Great Glacier Provincial Park
About This ParkGreat Glacier Park, located downstream and across the Stikine River from Choquette Hot Springs Park, is visited by boaters for the outstanding views of the large ice tongue projecting into a peri-glacial lake. Protected in the low elevation peri-glacial ecosystems are uncommon plant species and old forest.
Great Glacier Park also provides spectacular backcountry recreation opportunities, including glacier viewing, camping, hiking and canoeing in a peri-glacial lake.
Park Size: 9,300 hectares
- Bring your own drinking water as potable water is not available at this park.
- Satellite communication devices are recommended when recreating in the backcountry. A communication device will allow you to alert others to an emergency situation or if you are overdue at your destination. This equipment is an essential part of your survival kit, and should be compatible with your activities and location.
Location and MapsPlease note: Any maps listed are for information only – they may not represent legal boundaries and should not be used for navigation.
Nature and Culture
- History: A campsite at Great Glacier was previously a Forest Service Recreation Site before the Provincial Government designated Great Glacier as a Class A provincial park in 2001. Designation followed the recommendations of the Cassiar Iskut-Stikine Land and Resource Management Plan to protect the area in recognition of its scenic river-level glacier and spectacular peri-glacial lake.
- Cultural Heritage: Great Glacier Park is located within the asserted traditional territory of the Tahltan First Nation. The Stikine River is still used as a subsistence fishery.
- Conservation: Great Glacier park lies within the Boundary Ranges Ecosection. It projects a variety of low elevation peri-glacial ecosystems, including uncommon plant species and old forest.
Management PlanningManagement Planning Information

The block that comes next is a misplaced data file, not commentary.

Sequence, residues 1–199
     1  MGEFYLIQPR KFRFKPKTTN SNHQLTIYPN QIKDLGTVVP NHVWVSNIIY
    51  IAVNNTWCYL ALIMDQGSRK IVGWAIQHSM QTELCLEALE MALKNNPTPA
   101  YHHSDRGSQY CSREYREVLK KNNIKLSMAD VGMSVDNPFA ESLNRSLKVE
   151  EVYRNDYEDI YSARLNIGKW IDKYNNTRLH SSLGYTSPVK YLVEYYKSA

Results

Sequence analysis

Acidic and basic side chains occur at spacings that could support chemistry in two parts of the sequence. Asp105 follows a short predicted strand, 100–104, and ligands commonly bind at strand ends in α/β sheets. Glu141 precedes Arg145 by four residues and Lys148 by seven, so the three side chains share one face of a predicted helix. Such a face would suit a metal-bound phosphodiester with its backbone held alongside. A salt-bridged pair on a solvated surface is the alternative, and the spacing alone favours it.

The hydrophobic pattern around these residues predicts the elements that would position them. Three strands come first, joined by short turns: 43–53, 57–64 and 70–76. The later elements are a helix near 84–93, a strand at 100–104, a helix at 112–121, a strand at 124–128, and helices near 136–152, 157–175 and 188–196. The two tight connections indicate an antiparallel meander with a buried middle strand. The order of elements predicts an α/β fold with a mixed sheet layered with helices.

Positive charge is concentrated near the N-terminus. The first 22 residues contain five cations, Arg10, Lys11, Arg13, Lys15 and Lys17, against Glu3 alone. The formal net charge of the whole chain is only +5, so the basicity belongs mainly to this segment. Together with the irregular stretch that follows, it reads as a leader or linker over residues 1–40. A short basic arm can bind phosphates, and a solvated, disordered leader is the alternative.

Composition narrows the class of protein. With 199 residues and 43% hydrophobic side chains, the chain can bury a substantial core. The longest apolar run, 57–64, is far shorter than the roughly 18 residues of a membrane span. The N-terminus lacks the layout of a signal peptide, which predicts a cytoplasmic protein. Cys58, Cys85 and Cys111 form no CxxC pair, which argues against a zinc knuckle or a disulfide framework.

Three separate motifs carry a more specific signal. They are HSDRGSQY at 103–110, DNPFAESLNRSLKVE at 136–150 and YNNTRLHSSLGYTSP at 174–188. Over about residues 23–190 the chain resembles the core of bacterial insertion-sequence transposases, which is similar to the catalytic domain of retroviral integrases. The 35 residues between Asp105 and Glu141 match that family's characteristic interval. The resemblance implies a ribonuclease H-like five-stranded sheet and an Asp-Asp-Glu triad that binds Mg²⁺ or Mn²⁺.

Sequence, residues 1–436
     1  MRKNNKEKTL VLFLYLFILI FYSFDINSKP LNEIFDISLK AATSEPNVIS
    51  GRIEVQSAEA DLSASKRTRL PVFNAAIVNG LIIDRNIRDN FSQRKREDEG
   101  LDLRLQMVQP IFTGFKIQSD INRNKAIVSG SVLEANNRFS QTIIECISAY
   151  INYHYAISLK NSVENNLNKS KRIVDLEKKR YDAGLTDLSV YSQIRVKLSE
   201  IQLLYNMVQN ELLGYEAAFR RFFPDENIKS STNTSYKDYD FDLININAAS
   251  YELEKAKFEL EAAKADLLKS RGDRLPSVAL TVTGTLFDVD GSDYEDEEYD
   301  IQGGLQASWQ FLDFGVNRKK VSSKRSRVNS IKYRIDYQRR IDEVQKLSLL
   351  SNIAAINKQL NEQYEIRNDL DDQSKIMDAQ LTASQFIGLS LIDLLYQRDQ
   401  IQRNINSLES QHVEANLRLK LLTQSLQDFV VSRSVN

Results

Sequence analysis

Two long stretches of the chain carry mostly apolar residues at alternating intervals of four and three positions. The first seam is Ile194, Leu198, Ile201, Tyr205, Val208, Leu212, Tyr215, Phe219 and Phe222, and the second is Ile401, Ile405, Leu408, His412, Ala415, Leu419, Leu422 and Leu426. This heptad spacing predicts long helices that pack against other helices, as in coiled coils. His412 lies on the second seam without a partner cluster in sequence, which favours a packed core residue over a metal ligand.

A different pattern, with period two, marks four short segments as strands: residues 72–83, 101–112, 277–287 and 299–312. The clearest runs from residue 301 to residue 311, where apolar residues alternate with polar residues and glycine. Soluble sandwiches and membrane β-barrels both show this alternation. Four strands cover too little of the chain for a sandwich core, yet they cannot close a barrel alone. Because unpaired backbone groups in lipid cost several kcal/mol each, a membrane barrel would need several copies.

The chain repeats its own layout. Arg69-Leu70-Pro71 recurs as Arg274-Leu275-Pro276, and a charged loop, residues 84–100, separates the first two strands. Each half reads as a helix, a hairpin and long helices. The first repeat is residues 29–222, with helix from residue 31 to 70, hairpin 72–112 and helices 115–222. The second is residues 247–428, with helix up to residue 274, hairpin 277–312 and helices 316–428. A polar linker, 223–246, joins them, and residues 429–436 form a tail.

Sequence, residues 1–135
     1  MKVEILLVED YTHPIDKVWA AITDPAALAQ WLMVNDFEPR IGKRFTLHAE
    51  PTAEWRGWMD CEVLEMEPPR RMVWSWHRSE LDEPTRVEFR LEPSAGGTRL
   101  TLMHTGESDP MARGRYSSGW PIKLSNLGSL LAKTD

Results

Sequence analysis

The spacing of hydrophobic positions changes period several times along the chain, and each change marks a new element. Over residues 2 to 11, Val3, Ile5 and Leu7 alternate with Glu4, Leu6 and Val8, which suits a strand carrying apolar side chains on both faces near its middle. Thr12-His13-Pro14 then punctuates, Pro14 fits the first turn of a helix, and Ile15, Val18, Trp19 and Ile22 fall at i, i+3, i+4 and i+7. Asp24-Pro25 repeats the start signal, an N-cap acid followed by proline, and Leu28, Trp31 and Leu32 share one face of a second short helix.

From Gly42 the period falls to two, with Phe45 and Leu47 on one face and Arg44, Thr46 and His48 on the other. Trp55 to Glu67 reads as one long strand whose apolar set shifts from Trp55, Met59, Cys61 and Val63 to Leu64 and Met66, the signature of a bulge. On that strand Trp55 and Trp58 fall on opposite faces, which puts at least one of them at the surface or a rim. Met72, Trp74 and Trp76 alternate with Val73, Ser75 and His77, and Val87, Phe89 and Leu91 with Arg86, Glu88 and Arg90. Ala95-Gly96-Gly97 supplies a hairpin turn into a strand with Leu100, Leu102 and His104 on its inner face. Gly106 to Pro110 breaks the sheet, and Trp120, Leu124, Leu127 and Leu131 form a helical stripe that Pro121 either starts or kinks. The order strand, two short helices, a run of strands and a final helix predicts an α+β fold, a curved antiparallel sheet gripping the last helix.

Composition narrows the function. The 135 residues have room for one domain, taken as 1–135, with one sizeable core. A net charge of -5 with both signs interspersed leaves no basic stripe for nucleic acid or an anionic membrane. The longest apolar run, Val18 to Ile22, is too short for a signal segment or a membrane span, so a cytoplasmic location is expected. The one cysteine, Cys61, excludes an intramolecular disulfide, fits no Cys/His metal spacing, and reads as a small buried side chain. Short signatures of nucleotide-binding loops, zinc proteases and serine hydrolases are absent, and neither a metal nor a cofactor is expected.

- The management direction statement for this park was approved in March 2003.
Activities Available at this Park
It is possible to portage from the Stikine River to the lake.
Anyone fishing or angling in British Columbia must have an appropriate licence.
A short trail (approximately one km) leads to the lake. For your own safety and the preservation of the park, obey posted signs and keep to designated trails. Shortcutting trails destroys plant life and soil structure.
Pets on Leash
Backcountry areas are not suitable for dogs or other pets due to wildlife issues and the potential for problems with bears. If wishing to bring your pet, they must be on a leash at all times and are not allowed in beach areas or park buildings. You are responsible for their behaviour and must dispose of their excrement.
Facilities Available at this Park
While campfires are allowed and campfire rings are provided at each campsite, we encourage visitors to conserve wood and protect the environment by minimizing the use of fire and using campstoves instead. Please check for campfire bans for the area you are visiting before igniting a fire in the backcountry. Limited burning hours or campfire bans may be implemented. To preserve vegetation and ground cover, please don’t gather firewood from the area around your campsite or elsewhere in the park (this is a ticketable offence under the Park Act). Dead wood is an important habitat element for many plants and animals and it adds organic matter to the soil.
Pit or Flush Toilets
This park has one pit toilet.
A rustic campground accommodates approximately 20 people in two sections. Facilities include fire rings, picnic tables, and an outhouse. Wilderness, backcountry or walk-in camping is allowed, but no facilities are provided.